Is Remote Work Keeping You From Being Booked and Busy?

Most U.S. cities are struggling to return to their pre-covid levels of downtown foot traffic. To counter the impact of this, here's what you need to know and do.
Obi Omile, Jr.
CEO and Co-Founder of theCut. Lover of basketball and being by large bodies of water.

The movement and activity of city centers have long been the lifeblood of urban life. Whether you're from a city or not, it's been commonplace to know city centers as a noisy mix of white-collar professionals hustling and bustling to meetings, baristas and sandwich shops caffeinating and feeding patrons, delivery people and couriers delivering packages, and barber shops filled with people on their way to work or on their way out for the night. But as the lingering effects of the pandemic and remote and hybrid work continue to unfold, fewer and fewer people are making the daily treks into the heart of their cities. This drop in foot traffic has rippled across various sectors, significantly reducing commuter traffic and the revenues of the businesses that rely on it. This impact extends to barbershops as well.


Most U.S. cities are struggling to return to their pre-covid levels of downtown foot traffic. The country's busiest cities have seen reductions of almost 50% since 2020. New York City, Los Angeles, Miami, Atlanta, and Chicago are at 67%, 63%, 63%, 56%, and 52%, respectively, of their pre-pandemic levels of foot traffic. Cities like San Francisco, St. Louis, and Cleveland rank as some of the most brutally hit at 32%, 38%, and 36%, respectively.

Only a few cities have had the luxury of realizing higher levels of foot traffic than pre-pandemic. Namely, Bakersfield, California, Fresno, California, and El Paso, Texas, are up 118%, 115%, and 107% of their pre-pandemic levels as of February 2023.


We're witnessing a demographic shift. As remote work offers flexibility in job location, many individuals are seizing the opportunity to move out of cities to states or areas with a lower cost of living. Why pay premium city rent when you can enjoy spacious living in the suburbs or even the rurality of the country while still holding down the same job? This migration isn't just a theoretical projection; it's happening in real-time, causing city centers to lose some of their density.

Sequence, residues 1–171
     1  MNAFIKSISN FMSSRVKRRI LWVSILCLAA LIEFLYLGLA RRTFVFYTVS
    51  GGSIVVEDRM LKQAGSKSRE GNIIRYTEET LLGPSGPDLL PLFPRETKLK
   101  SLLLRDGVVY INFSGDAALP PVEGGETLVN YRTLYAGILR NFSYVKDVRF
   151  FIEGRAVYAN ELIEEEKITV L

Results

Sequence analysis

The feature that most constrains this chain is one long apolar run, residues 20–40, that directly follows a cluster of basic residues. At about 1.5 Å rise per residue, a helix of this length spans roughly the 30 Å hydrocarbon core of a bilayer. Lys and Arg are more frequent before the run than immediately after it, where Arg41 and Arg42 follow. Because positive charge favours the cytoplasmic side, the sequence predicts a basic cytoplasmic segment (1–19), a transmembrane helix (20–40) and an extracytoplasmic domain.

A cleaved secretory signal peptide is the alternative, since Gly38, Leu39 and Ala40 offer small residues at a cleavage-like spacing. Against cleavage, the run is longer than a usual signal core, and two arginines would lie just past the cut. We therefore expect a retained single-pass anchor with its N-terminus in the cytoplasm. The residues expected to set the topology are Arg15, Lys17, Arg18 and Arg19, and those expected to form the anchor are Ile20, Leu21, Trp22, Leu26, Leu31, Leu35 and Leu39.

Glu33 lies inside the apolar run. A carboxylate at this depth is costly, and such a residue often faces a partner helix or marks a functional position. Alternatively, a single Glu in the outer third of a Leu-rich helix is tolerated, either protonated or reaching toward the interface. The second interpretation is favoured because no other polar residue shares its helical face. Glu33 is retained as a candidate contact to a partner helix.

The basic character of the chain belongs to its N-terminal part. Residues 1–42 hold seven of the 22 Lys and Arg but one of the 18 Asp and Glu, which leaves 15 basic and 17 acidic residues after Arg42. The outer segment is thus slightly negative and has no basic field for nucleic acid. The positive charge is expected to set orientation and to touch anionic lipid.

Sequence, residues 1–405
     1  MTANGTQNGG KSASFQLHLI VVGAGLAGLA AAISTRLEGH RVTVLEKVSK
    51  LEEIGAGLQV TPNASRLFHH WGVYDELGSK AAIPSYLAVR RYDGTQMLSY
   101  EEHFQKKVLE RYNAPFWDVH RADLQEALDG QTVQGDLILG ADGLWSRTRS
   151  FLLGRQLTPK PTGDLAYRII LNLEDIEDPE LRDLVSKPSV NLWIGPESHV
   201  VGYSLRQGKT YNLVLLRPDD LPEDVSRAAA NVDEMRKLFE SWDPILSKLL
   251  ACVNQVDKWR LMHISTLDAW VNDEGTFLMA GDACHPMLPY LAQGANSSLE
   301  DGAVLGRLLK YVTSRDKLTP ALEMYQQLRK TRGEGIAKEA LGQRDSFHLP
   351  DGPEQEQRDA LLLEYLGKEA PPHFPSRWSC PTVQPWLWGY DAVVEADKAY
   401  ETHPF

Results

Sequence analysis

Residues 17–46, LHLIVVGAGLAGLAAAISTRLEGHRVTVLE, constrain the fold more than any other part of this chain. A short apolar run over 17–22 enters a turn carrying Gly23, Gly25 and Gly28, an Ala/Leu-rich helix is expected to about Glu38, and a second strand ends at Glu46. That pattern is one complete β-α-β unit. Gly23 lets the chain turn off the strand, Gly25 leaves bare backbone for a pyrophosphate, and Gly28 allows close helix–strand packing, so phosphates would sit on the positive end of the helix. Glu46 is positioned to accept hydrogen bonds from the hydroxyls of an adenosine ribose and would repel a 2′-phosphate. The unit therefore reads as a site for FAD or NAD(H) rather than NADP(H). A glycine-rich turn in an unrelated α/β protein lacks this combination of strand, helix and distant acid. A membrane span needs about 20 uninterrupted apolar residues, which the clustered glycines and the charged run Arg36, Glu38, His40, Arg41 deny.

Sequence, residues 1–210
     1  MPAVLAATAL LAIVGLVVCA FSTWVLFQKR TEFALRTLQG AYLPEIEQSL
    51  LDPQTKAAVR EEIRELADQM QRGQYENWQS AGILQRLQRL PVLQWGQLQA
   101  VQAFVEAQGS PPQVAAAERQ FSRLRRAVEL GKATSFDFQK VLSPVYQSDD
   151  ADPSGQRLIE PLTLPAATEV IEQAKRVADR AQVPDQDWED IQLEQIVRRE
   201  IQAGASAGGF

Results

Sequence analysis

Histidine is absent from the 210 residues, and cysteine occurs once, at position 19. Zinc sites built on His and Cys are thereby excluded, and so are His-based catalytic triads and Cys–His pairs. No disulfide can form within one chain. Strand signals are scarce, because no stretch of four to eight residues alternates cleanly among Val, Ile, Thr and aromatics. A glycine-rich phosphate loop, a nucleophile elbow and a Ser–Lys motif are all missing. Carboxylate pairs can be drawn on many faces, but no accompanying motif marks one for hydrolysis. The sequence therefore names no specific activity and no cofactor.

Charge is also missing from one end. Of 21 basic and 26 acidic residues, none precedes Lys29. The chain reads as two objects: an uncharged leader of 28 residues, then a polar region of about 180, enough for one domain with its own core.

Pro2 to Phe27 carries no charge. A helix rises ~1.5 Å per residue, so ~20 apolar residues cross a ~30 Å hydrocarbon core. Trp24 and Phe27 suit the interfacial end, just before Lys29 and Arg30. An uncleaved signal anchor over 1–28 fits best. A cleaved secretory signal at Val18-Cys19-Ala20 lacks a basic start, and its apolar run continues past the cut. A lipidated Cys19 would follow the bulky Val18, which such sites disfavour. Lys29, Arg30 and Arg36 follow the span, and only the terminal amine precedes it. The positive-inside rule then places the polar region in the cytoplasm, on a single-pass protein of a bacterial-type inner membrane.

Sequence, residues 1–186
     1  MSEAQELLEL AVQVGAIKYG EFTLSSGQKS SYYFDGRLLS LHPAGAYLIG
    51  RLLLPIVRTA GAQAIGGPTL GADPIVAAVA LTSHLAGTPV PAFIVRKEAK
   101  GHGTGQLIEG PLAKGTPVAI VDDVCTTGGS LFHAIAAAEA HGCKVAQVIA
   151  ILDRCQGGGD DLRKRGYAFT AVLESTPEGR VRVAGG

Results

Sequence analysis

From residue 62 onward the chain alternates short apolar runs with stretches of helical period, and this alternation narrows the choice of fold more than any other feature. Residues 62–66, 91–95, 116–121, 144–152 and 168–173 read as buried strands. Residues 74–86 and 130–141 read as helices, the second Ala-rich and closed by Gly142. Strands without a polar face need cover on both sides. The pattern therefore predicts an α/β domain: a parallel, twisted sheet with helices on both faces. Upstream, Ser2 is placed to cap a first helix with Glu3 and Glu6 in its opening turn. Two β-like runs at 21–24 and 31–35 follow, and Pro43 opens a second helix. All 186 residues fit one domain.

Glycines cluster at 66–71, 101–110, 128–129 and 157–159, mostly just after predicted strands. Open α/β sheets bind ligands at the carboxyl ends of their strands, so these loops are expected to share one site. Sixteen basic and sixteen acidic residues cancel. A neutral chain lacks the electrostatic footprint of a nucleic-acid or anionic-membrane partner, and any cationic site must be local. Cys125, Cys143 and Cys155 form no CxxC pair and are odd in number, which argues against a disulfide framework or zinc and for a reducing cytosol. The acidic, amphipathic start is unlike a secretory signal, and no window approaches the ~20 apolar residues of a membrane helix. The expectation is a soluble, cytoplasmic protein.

It's more than just employees who are rethinking their location strategy. Companies themselves are undergoing a pivotal transformation. Some are downsizing their extravagant downtown offices, while others are relocating their headquarters entirely to places where real estate is cheaper and the quality of life is perceived to be better. This has further intensified the decreasing foot traffic in downtown areas. No longer are these areas solely viewed as the meccas of commerce; they are evolving, adapting to a world where the word "office" has a broader definition.


With every action, there is an opposite reaction. After gauging productivity and team dynamics, several companies have employed tactics that range from gentle nudges to direct mandates for their employees to return, at least partly, to the physical office. These firms believe in the community that an office environment offers — those random coffee break conversations that sometimes lead to groundbreaking ideas. For them, the allure of face-to-face interaction outweighs the benefits of a fully remote setup.

However, as they do this, they're also met with a new reality: the need for expansive office spaces seems to be diminishing. The hybrid model, where employees split their time between home and office, allows businesses to maintain smaller office footprints. This is where things get interesting for city landscapes.

Some visionaries argue that these spaces could be converted into housing units. This move might help mitigate the housing crises plaguing many cities. Imagine an old bank headquarters turned into a chic apartment complex or the offices of a former law firm converted into a co-living space. In recent years, there has been a 43% jump in office buildings being converted to apartments. This not only breathes new life into city centers but does so in a way that fosters community, inclusivity, and innovation. Not to mention foot traffic which translates into walk-in business for a small business such as a barbershop.


What does this mean for you as a barber? Fear not. Customers will always need haircuts and a barber. As a barber or barbershop owner working in the city, you’ve got to seriously consider maximizing your visibility. Decreased foot traffic translates to fewer walk-ins. To counter the impact of this, you’ll want to increase the likelihood of you or your shop being seen. theCut is your go-to solution for this scenario. Last month there were over 1.5M searches for barbers on theCut versus 1.3M on Google. On average, barbers on theCut get at least two new clients per month. With theCut, you build your digital booth by showcasing your portfolio of cuts and services. Then potential customers from all over the nation can discover your profile and shop which will increase your reach and reduce your reliance on being at a high-visibility shop and the need to rely on foot traffic to grow your business.